Background: Since reliable health information is essential for the planning and management of health services, we investigated the functioning of the District Health Information System (DHIS) in 10 rural clinics.
Design and subjects: Semi-structured key informant interviews were conducted with clinic managers, supervisors and district information staff. Data collected over a 12-month period for each clinic were assessed for missing data, data out of minimum and maximum ranges, and validation rule violations.
Setting: Our investigation was part of a larger study on improving information systems for primary care in rural KwaZulu-Natal.
Outcomes: We assessed data quality, the utilisation for facility management, perceptions of work burden, and usefulness of the system to clinic staff.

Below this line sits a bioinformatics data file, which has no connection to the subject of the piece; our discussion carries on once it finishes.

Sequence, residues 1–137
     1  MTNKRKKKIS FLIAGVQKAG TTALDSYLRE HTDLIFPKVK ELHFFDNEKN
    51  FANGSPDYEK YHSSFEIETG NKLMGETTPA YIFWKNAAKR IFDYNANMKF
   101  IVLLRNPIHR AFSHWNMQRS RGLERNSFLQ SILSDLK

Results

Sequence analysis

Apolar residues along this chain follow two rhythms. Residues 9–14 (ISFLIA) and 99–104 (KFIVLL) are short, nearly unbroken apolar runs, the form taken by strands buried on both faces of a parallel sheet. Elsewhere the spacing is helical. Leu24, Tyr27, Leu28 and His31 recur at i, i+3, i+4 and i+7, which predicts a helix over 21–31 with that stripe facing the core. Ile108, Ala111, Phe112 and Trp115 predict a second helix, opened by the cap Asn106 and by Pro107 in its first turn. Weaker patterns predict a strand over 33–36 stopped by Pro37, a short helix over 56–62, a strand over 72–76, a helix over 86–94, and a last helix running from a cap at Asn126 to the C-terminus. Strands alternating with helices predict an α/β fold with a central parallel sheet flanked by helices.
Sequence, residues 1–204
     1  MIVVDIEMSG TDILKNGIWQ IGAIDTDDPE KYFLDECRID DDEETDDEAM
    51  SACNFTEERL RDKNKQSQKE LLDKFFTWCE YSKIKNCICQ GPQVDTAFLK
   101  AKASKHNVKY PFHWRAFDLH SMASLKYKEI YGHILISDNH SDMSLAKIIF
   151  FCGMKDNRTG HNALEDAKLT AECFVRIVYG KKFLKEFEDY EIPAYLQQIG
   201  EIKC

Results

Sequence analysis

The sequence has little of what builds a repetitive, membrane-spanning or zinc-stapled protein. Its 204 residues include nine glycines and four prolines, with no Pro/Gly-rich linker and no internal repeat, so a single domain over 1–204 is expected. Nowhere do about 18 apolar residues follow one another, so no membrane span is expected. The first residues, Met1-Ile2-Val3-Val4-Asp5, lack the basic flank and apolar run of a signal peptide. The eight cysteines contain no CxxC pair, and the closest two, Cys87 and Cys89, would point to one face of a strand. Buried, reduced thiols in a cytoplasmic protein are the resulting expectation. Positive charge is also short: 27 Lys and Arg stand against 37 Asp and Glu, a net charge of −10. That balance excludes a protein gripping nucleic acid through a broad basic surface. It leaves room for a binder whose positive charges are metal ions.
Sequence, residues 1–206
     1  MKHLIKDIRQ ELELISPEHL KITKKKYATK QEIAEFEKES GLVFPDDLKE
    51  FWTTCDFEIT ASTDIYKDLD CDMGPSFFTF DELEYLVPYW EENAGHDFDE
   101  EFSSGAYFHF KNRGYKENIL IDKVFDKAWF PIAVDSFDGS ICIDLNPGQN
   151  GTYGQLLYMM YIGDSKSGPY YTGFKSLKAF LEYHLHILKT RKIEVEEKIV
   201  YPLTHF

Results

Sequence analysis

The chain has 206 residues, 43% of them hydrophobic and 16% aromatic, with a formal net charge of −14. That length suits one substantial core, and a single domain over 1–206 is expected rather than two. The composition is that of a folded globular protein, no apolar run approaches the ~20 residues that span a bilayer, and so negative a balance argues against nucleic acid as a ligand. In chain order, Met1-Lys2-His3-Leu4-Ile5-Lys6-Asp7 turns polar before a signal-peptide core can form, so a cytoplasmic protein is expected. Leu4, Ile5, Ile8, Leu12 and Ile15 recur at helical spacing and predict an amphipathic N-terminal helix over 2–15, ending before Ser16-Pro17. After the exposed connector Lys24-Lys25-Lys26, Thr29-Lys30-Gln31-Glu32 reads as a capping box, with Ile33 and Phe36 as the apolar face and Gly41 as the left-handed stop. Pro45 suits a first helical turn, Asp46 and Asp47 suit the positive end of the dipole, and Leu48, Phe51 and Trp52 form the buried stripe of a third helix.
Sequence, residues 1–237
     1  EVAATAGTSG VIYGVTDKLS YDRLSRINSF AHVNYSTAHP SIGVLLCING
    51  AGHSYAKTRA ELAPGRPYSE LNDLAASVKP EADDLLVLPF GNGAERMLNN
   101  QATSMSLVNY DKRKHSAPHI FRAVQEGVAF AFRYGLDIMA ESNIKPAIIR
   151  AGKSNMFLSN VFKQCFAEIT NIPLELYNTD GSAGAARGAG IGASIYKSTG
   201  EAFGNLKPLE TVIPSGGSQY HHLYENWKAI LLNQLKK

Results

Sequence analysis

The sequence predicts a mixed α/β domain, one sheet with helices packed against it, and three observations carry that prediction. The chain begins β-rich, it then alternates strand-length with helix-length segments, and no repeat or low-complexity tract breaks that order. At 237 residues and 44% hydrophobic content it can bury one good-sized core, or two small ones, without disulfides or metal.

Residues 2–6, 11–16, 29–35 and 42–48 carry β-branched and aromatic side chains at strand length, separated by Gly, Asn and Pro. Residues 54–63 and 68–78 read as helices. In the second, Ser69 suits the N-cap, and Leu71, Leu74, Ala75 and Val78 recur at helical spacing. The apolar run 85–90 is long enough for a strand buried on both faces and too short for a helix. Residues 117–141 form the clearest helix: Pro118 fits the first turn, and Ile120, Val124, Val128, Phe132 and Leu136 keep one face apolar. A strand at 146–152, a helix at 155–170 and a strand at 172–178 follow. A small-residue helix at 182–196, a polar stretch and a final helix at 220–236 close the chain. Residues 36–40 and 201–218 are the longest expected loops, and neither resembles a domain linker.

Results: A high perceived work burden associated with data collection and collation was found. Some data collation tools were not used as intended. There was good understanding of the data collection and collation process but little analysis, interpretation or utilisation of data. Feedback to clinics occurred rarely. In the 10 clinics, 2.5% of data values were missing, and 25% of data were outside expected ranges without an explanation provided.
Conclusions: The culture of information use essential to an information system having an impact at the local level is weak in these clinics or at the sub-district level. Further training and support is required for the DHIS to function as intended.